- NAME: Griselda Blanco
- OCCUPATION: Drug Dealer, Murderer, Organized Crime Boss
- BIRTH DATE: February 15, 1943
- DEATH DATE: September 03, 2012
- PLACE OF BIRTH: Cartagena, Colombia
- PLACE OF DEATH: Medellin, Colombia
- Full Name: Griselda Blanco Restrepo
- Nickname: "Godmother of Cocaine"
- Nickname: "The Black Widow"
- Nickname: "The Godmother"
- AKA: Griselda Blanco
Best Known For
Infamous drug trafficker Griselda Blanco is suspected of committing more than 200 murders while transporting cocaine from Colombia to the U.S. She was murdered in Colombia in 2012.
Griselda Blanco, "The Godmother," is suspected of scores of murders while transporting cocaine from Colombia to the United States.
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Born in Colombia on February 15, 1943, Griselda Blanco, also known as "The Godmother," is suspected of committing more than 200 murders while transporting cocaine from Colombia to New York, Miami and Southern California. On the run from the law for more than 10 years, Blanco was captured in 1985 in Irvine, California. Her trial ended in scandal, and she was eventually deported back to Colombia. On September 3, 2012, at age 69, Blanco was murdered in her hometown of Medellin,
Colombia. According to reports, two gunmen on motorcycles shot Blanco after she exited a butcher shop.
Griselda Blanco Restrepo was born in Cartagena, Colombia on February 15, 1943. Raised by an abusive mother, Blanco turned to a life of crime and prostitution at a young age. Not long after, she became involved with Colombia's infamous Medellin Cartel, helping to push Colombian cocaine throughout the United States, specifically to New York, Miami and Southern California. Members of the cartel were able to smuggle large quantities of cocaine into the United States using special undergarments that Blanco had presumably designed and manufactured.
In the mid-1970s, Blanco left Colombia for New York. By this time, the infamous drug trafficker, now in her early 30s, was running a massive narcotics ring. But U.S. detectives were soon hot on Blanco's trail: After authorities intercepted a shipment of 150 kilos cocaine in 1975—the biggest cocaine case in history at the time—Blanco and more than 30 of her partners were indicted on federal drug conspiracy charges. The investigation was dubbed "Operation Banshee," and became known to law enforcement officers nationwide. Fearing capture, Blanco fled the country, returning to Colombia. It wasn't long before she returned, this time settling in Miami.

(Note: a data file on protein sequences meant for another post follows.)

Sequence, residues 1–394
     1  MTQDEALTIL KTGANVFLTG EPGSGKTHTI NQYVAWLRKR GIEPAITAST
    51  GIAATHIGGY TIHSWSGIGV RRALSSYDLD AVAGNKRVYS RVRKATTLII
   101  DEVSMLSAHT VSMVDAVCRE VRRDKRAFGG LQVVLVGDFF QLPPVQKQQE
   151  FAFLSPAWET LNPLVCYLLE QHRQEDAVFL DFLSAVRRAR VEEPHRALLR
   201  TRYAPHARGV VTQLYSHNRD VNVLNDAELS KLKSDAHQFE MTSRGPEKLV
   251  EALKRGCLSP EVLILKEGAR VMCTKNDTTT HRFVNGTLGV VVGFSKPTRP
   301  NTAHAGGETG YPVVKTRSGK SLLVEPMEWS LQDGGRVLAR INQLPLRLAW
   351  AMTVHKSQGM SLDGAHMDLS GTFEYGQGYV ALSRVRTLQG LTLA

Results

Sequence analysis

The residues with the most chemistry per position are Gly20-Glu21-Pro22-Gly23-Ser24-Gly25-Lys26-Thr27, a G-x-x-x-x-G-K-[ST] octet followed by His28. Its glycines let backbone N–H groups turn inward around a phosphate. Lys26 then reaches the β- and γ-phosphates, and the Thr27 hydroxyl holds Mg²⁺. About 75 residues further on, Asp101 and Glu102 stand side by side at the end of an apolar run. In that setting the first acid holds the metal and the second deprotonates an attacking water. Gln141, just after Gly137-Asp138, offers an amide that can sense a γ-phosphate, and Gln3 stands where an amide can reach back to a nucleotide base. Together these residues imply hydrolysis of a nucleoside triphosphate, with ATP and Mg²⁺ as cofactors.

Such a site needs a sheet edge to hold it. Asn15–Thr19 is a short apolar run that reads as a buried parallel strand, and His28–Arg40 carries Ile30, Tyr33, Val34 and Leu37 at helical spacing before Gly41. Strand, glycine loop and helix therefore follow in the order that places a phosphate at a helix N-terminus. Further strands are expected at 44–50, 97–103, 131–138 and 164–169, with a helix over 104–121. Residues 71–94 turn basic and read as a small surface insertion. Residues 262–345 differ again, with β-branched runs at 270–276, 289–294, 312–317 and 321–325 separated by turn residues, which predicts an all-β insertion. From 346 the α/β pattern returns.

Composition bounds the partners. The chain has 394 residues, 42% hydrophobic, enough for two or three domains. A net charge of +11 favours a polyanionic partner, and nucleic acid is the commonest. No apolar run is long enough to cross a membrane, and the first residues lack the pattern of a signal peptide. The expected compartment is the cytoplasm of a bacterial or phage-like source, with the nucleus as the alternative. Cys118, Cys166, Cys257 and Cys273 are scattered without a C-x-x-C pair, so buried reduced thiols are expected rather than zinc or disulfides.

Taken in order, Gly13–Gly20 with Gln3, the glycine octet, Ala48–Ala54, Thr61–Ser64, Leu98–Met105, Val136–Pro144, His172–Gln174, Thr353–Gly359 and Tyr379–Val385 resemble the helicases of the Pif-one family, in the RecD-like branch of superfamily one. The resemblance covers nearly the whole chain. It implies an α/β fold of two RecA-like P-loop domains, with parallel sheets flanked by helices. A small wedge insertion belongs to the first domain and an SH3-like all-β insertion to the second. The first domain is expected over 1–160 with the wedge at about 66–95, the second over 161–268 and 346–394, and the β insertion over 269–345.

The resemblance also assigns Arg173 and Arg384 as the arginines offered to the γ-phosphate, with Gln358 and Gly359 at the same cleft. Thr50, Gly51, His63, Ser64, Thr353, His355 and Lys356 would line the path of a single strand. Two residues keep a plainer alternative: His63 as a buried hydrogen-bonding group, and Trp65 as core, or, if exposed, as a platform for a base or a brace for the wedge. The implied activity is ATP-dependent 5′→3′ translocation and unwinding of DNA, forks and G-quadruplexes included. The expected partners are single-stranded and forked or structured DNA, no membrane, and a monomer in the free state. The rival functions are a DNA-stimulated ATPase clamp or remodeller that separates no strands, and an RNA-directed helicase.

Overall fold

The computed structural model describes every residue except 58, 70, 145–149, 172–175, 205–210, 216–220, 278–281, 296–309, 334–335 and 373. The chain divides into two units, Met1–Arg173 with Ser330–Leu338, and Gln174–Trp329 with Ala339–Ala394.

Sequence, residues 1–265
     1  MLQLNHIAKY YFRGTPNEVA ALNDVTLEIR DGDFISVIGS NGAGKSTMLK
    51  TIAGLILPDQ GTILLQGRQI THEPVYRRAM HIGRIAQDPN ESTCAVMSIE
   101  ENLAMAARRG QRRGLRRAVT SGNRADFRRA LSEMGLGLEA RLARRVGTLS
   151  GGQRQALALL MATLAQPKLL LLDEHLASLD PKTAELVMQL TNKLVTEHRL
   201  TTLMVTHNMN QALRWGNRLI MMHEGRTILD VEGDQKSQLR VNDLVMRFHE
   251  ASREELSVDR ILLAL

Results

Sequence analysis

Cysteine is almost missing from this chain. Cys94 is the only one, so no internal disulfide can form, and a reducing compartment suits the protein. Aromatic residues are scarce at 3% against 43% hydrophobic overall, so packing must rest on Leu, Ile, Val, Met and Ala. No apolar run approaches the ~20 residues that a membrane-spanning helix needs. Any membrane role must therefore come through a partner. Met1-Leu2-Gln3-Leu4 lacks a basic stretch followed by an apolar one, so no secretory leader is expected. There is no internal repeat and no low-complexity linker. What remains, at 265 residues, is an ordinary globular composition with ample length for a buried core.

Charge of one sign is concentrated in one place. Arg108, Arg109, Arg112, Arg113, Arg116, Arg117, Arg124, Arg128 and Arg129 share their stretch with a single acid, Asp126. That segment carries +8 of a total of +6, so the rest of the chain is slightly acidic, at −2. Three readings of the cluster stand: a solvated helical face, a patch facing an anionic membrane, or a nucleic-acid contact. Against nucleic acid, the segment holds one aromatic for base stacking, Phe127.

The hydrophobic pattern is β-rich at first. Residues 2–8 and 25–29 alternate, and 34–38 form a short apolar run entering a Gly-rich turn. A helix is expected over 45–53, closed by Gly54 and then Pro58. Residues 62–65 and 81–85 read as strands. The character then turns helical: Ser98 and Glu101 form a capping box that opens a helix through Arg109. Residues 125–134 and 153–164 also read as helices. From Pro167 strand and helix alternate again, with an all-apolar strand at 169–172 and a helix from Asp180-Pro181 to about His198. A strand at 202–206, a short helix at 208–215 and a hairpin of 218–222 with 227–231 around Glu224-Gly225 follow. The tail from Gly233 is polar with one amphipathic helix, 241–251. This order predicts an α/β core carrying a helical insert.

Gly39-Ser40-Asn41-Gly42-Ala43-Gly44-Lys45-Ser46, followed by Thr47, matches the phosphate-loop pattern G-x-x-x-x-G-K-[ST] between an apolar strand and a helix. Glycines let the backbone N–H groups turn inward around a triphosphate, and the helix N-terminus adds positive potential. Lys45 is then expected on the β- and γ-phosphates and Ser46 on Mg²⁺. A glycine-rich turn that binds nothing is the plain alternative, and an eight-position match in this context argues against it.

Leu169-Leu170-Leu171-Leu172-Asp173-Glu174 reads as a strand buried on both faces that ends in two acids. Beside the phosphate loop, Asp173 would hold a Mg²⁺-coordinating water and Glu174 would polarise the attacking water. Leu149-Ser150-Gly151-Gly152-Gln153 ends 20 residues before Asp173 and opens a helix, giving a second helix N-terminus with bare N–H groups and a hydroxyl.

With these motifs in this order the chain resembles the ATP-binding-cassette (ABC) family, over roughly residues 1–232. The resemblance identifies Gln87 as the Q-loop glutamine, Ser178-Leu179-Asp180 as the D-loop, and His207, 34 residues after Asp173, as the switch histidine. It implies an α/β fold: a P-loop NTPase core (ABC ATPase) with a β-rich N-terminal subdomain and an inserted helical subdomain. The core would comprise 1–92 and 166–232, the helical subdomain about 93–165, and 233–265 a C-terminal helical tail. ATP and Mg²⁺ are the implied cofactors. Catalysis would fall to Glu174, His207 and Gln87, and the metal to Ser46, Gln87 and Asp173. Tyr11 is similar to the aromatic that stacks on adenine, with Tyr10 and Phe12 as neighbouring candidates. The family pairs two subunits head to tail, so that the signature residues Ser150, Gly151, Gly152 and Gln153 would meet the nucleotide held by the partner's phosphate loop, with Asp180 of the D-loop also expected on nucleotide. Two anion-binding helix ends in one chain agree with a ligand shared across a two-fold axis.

Throughout her time in the United States, Blanco's continued involvement in the the Colombian drug trade led to her participation in several other crimes, including driveby shootings and other murders motivated by drugs, money and power. By the late 1970s, detectives had linked her to dozens of murders. Possibly most notably, she was named a suspect in a drug-rival shooting that took place inside of a Miami liquor store. Blanco would manage to escape authorities, however, until nearly a decade later.
In the 1980s, Blanco was livingly comfortably in a newly purchased home in Miami. By this time, the infamous drug trafficker had become a millionaire, and had taken on various nicknames, including "The Godmother," "Queen of Cocaine" and "Black Widow."
Blanco's luck finally ran out in 1985, when she was captured by detectives in Irvine, California.
Blanco's trial took place in New York, and ended with a conviction: She was found guilty of a drug conspiracy charge but escaped murder charges, despite being accused of several Florida slayings. She received the maximum sentence, according to drug laws at the time: 15 years.
In 1994, Blanco, now a federal prison inmate, was transported back to Miami on three murder charges (She had been named a suspect, however, in more than 200 murders). In a strange turn of events, however, the case was thrown out: The star witness in the case, a hitman named Jorge "Rivi" Ayala who had worked for Blanco, had become romantically involved with a secretary in the Florida State Attorney's Office, causing prosecutors to worry about the credibility of Ayala's testimony on the stand.
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